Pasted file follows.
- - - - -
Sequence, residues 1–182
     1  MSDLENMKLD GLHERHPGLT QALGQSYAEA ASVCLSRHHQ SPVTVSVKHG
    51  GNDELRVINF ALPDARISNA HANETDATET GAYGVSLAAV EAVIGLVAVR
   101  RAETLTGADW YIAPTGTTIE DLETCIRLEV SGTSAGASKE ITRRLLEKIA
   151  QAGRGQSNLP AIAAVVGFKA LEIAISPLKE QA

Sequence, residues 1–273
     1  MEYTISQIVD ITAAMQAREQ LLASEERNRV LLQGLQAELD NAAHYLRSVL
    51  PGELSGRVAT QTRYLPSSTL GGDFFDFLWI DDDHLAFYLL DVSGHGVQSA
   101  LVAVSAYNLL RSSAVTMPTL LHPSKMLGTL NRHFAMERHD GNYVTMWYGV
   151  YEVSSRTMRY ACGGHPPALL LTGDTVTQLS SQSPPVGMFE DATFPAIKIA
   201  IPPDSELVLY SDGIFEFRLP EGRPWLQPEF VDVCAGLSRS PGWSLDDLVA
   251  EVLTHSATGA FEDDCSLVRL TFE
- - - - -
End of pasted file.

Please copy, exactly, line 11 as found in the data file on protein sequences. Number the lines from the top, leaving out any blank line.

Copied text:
   201  IPPDSELVLY SDGIFEFRLP EGRPWLQPEF VDVCAGLSRS PGWSLDDLVA